It takes only 2 to tango, not always a whole team

When I was broker in the Washington, D.C. area, I put together a team of three (plus the virtual assistants on whom I still rely).  For buyers, sellers and, especially, me, the arrangement worked beautifully.

Flickr photo by Gavinzac.

Our clients benefited from having retained three heads and three pairs of hands.  We usually collaborated on showing properties to buyers, staging properties for sellers, marketing them, taking various clients under our individual wings, handling paperwork and covering for each other in all manner of circumstances–closings, illnesses, vacations and so on.

One of us knew suburban Virginia better than the others and one, Maryland.  One of us developed business best, and another was especially good at detailed followup.  Clients seemed to love our system of cooperation, and what made them happy made us happy.

(That I had to threaten my former business partner with a lawsuit to recover some funds when I left D.C. and moved back to the Big Apple is another story that does not bear repeating.)

So, I believe teams can be a great advantage to all concerned.  But they also can produce pitfalls, especially for those sellers who are dazzled by the prospect in a listing presentation.

What many sellers fail to appreciate is that relying on a team with many participants and numerous listings frequently means that:

  • The “star” who leads the team and makes the presentation may all but disappear after the listing agreement is signed;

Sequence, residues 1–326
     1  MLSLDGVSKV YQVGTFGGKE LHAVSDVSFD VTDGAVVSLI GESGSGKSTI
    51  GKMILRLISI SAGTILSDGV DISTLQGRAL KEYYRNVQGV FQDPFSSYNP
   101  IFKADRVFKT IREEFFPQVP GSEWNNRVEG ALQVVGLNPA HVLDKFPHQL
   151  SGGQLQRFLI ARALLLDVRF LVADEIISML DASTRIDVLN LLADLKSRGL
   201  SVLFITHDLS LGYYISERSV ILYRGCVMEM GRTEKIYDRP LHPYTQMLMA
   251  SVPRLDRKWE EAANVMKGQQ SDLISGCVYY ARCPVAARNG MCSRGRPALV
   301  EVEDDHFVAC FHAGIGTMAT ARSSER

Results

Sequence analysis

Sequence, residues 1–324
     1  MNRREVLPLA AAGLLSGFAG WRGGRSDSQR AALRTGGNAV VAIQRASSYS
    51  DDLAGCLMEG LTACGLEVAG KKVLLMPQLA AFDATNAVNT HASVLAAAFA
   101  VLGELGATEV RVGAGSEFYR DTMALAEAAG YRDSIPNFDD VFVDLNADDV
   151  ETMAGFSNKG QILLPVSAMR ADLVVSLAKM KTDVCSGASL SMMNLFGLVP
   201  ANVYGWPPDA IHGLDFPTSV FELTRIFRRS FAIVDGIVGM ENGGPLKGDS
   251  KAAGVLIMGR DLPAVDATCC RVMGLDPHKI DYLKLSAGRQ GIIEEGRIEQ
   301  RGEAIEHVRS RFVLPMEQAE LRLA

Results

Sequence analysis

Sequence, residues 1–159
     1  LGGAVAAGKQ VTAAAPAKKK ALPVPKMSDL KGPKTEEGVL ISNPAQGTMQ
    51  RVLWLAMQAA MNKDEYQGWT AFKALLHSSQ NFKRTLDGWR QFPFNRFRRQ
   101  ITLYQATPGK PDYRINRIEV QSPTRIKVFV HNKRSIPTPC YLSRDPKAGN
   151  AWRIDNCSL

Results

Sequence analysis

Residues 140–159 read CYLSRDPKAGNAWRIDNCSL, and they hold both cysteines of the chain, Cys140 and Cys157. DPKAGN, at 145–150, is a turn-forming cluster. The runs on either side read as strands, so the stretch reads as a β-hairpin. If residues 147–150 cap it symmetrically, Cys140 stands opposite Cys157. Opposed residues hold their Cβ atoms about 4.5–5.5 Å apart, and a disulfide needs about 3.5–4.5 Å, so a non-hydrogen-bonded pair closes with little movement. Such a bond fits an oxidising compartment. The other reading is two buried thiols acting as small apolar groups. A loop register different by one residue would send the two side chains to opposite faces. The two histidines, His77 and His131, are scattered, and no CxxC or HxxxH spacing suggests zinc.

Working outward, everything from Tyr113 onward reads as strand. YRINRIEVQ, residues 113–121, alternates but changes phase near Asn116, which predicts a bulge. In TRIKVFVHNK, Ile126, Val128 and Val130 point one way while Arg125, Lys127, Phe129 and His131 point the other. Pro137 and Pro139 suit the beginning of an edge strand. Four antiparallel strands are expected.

• The selling of the property may well be left to less experienced personnel who, sometimes, joined a team instead of succeeding on their own;
  • The left hand won’t always communicate well with the right hand, causing confusion to reign such as the time (chronicled in an earlier post) that a “star” made a showing appointment in one e-mail to me followed immediately by an e-mail from an assistant saying that an appointment was not possible that weekend).

I’m not trying to denigrate all teams (or any team, for that matter).  They fulfill an important function.  And I’m not trying to elevate the way I do business today.

All I want to do is call attention to some of the issues that sellers may want to explore when they consider hiring a team to find a buyer at the right price in a timely fashion for one of their biggest investments.

For sellers who want to tango, one broker may be just enough.

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Malcolm Carter
Licensed Associate Real Estate Broker
Senior Vice President
Charles Rutenberg Realty
127 E. 56th Street
New York, NY 10022

M: 347-886-0248
F: 347-438-3201
Web site

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